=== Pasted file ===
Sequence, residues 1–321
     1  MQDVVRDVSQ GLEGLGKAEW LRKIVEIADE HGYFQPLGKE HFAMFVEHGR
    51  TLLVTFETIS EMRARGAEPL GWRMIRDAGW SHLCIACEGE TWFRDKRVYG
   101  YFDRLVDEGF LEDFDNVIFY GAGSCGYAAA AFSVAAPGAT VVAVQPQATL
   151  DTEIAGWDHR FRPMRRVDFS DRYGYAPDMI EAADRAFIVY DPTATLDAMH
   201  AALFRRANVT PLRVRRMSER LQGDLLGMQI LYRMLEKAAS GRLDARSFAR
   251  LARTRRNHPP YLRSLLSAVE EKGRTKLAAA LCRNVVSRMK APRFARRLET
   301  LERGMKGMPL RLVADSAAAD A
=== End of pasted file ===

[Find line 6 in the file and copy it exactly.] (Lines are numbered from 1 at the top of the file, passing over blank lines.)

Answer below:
   201  AALFRRANVT PLRVRRMSER LQGDLLGMQI LYRMLEKAAS GRLDARSFAR